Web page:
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Vodafone pioneers maternity leave equality across the world

Margi Murphy | March 9, 2015
Coining the term 'maternomics', the firm says it will be cheaper to offer better maternity packages in long run.

Vodafone has put a compulsory maternity leave package for its worldwide employees, regardless of whether regional laws require maternity support or not.

It will offer at least 16 weeks of full paid maternity leave, as well as full pay for a 30-hour week for the first six months after their return to work to every employee regardless of where they live.

The tech firm's chief executive Vittorio Colao, said: "Too many talented women leave working life because they face a difficult choice between caring for a newborn baby and maintaining their careers.

"Women account for 35 percent of our employees worldwide but only 21 percent of our international senior leadership team. We believe our new maternity policy will play an important role in helping to bridge that gap. Supporting working mothers at all levels of our organisation will ultimately result in better decisions, a better culture and a deeper understanding of our customers' needs."

The move will make a significant difference to the lives of thousands of Vodafone employees in countries where there is little or no legislative requirement to provide maternity support.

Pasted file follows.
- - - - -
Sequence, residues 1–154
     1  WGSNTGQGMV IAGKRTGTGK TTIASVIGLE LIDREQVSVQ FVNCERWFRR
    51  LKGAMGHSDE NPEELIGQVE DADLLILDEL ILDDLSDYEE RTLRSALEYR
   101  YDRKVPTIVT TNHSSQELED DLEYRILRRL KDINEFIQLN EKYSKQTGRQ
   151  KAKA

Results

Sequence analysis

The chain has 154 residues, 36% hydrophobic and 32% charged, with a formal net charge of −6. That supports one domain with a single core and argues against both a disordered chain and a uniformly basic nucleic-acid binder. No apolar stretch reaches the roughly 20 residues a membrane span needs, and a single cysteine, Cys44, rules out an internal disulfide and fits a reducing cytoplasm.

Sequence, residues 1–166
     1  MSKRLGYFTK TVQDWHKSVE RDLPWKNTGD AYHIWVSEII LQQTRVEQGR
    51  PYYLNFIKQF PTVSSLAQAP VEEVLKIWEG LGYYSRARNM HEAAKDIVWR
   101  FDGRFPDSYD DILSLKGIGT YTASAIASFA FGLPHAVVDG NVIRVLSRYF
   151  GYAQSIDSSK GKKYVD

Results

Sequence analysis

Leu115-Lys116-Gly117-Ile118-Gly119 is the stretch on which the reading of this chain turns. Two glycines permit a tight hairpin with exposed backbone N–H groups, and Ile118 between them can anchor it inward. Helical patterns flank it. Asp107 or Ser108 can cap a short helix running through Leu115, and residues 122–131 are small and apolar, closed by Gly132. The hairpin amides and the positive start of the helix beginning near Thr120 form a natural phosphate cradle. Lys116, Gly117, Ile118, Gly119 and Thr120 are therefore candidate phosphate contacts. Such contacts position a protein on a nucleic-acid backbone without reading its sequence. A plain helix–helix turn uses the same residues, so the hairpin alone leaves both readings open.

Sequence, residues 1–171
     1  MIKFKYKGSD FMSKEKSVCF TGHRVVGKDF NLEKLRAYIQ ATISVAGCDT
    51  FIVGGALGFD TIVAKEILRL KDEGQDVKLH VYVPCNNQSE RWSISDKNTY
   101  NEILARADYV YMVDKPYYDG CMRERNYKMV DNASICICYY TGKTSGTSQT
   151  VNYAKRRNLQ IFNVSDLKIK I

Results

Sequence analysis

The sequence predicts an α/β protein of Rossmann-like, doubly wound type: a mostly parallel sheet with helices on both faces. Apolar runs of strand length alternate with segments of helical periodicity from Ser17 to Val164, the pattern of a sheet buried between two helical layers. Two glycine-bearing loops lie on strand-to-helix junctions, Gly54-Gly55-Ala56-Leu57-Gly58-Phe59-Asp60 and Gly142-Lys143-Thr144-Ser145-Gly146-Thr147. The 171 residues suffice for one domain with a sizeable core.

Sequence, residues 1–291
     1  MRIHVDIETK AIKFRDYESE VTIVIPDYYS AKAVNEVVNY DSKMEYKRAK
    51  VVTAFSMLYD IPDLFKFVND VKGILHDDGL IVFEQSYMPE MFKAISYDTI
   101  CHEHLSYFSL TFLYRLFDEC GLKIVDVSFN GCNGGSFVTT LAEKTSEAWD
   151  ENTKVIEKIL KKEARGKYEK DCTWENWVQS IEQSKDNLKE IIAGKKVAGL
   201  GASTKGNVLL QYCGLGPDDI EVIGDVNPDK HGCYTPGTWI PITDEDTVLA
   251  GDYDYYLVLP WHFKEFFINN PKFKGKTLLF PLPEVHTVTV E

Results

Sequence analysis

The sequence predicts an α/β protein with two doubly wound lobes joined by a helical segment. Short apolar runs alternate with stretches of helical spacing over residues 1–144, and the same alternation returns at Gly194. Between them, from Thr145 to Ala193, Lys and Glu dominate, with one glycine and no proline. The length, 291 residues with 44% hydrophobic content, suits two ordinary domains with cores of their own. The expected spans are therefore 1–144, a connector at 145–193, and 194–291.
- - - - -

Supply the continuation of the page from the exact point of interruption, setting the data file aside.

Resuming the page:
It covers Africa, the Middle East, Asia-Pacific, Europe and the US.

Global businesses could save up to $19 million (£13 million) a year by moving to the 16-week maternity leave model, as it encourages employee retention and saves on hiring and training replacement employees, KPMG said.

The firm estimated that the cost of recruiting and training new employees to replace women who do not stay in the workforce after having a baby costs global businesses $47 billion (£31 billion) every year.

Additionally, offering mothers a global return-to-work policy equivalent to a four-day week at full pay for their first six months back to work after maternity leave could save working mothers a cumulative $14 billion (£9 billion) in childcare for their new babies, KPMG found.

 

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